It’s pretty easy to say “it was just the leadership.” But let me tell you, Jesus is not crucified without the crowds. And I really assure you that Peter doesn’t deny without the crowds. Peter was never accused by the religious leadership. Peter is only ever accused by the people outside the house in the courtyard. Peter only experiences fear, Peter only denied Jesus three times before the cock crowed, because the crowd was going along with it.
Every time that atrocities happen in our world it is not just the leadership. Atrocities can only happen because the followers, the crowds, go along with it. And it is often times the crowds that do the dirty work.
So again I ask, as I will quite often in the series I think, how do we avoid it? The religious leaders had a stated value system and they throw it out, and they do things that, when they get their cool head later, they probably will look back on in shame. We know some of them do because two of them within the next 12 hours will go to Pilate and say, “hey can we at least give this man a proper burial?” They’re already beginning to think “maybe we shouldn’t have done that.” So how do we avoid doing that in the first place?
For starters, I go back to the spiritual command to “write the Scriptures upon your heart.” And you are doing that right now. Congratulations. Good job! Every time you open the Scriptures and read the Scriptures, you are writing them on your heart. That’s one of the reasons that I hit on doing that so often; that you go to the Our Daily Bread or to the Upper Room in the back. Because every time you open them up you are writing another Scripture on your heart. Every time you come to worship and you listen to me talk for 15-20 minutes you’re writing a Scripture on your heart.
What that does for you? I believe is it creates a library of Scriptures within your very soul that can be pulled from. I’m a pastor of 5 years, and I do not have an abundance of Scripture verses memorized down to the word. I would fail sword drills. But what I do have is a large number of biblical stories that I can pull out and I can tell. It may not be word for word. I may forget names. I may not even be able tell you exactly what book is in (I can tell you approximately where it is). But I know the story. And I think that’s what this is really about: that you know the stories, and you know the lessons; that you have a large library of them within your soul so that when you get in a situation like this, the Holy Spirit can stop you, and grab a story out of your library and go, “hey, do you remember when Pastor Michael talked about that one parable of Jesus, and it was really boring for 15 minutes; do you remember that lesson? Apply that here.”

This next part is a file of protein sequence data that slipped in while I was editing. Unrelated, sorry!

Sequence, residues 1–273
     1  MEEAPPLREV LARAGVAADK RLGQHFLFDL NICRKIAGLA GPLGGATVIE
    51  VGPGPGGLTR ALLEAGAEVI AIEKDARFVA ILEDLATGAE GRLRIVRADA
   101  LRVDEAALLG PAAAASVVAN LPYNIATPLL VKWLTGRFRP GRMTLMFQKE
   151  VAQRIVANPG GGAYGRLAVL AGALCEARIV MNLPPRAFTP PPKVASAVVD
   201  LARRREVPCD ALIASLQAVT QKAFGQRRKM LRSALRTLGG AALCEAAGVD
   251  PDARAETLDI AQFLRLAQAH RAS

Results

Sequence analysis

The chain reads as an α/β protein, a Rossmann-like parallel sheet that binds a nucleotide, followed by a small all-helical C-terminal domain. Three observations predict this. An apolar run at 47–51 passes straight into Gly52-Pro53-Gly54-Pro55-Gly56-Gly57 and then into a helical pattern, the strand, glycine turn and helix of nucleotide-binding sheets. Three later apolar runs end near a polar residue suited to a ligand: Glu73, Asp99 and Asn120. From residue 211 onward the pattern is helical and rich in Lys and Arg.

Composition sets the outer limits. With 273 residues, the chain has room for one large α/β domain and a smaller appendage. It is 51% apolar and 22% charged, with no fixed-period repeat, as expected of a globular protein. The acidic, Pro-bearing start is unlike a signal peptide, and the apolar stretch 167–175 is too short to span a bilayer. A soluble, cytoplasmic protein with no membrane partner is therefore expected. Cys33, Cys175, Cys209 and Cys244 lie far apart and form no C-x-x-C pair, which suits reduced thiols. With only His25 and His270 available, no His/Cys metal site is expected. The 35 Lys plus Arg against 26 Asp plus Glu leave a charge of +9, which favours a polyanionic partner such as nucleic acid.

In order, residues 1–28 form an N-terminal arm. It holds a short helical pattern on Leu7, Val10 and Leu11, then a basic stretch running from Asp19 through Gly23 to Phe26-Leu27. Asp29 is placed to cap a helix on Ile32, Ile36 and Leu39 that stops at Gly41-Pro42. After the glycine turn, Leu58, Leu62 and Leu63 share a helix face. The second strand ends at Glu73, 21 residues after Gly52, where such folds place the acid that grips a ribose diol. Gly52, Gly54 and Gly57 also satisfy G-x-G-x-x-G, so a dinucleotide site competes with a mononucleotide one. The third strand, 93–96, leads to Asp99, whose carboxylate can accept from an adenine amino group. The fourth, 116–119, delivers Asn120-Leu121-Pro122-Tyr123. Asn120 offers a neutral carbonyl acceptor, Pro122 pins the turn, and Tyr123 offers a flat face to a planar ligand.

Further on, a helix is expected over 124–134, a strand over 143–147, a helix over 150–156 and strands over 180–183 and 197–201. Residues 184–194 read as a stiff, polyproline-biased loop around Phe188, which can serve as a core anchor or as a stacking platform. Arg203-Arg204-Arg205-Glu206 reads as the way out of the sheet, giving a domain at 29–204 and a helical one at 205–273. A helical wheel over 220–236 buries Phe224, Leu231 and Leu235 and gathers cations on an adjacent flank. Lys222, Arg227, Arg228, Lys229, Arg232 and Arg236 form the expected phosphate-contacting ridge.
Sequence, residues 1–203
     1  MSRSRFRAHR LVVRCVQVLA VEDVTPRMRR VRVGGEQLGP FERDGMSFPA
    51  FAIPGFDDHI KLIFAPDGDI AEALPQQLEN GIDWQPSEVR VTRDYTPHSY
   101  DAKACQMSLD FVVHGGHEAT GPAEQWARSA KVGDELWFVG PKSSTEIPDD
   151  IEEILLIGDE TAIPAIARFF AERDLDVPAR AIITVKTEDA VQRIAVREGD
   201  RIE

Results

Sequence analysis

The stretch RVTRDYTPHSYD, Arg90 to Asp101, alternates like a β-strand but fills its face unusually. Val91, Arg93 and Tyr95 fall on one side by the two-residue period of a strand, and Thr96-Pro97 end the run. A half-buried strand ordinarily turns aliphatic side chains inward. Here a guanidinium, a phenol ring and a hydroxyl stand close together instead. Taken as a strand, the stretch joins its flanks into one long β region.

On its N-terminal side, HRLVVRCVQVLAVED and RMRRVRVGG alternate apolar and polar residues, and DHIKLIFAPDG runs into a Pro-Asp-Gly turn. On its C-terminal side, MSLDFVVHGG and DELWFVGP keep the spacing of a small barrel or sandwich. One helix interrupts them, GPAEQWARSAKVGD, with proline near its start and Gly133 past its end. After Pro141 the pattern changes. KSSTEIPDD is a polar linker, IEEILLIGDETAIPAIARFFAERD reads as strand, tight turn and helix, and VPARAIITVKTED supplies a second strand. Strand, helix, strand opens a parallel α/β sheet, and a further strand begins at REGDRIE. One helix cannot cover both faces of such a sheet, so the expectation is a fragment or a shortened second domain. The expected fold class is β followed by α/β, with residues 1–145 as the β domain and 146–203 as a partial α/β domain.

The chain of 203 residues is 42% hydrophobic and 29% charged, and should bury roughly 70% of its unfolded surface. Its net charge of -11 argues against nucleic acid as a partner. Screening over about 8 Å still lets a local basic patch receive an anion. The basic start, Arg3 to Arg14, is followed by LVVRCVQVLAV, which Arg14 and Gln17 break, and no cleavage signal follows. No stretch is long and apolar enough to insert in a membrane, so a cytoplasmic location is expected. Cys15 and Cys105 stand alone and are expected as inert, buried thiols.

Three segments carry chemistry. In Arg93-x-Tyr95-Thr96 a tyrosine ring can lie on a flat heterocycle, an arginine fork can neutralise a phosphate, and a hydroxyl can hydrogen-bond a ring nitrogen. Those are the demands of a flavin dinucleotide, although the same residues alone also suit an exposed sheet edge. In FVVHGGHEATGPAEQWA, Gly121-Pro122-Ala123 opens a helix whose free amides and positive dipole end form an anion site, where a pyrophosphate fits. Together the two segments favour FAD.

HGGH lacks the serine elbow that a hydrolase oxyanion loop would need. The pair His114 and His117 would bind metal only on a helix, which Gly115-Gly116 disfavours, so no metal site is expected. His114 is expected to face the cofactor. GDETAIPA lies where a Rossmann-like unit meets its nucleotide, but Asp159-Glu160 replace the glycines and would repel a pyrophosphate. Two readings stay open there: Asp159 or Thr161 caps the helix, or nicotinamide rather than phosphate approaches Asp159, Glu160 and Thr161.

When Jesus is preparing for his ministry, he goes out into the desert to fast for 40 days and 40 nights; and that’s what Lent is based off of, at least in part. At the end of that, Jesus is tempted by Satan. And he responds to Satan‘s temptations each and every time with Scripture. He pulled a scripture out of his library, and he stayed strong in the face of temptation because of it. So I believe in this idea of writing Scripture on your heart and your soul as key to avoiding acting like the religious leaders and like the crowd did in the midst of this 24 hours.
Secondly I think you must keep your anger in check. I’ll talk a little bit more on this next week, but if fear leads to anger and anger that leads to hate; anger is the most rational of those three emotions. So if you keep anger in check you can stop the process. Consistently question why you’re doing what you’re doing. Consistently ask if your actions are consistent with your values; which as a Christian your value is to “love of the Lord your God with all your heart, soul, mind, and strength; and love others as you love yourself.” In other words, treat others as you wish to be treated. Everything you do should be consistent with that. It is only when they became hypocritical that the religious leadership had a major problem.
If you’re going to take a proper lesson from this episode, it has to be a warning about what could happen when we stop listening to the voice of Jesus; when we stop listening to the Word of God. This week let us listen. Let us walk patiently this week. Let us listen to what Jesus, the Word, might be saying into our hearts. And then come back next week and write a little more Scripture on your heart. Amen.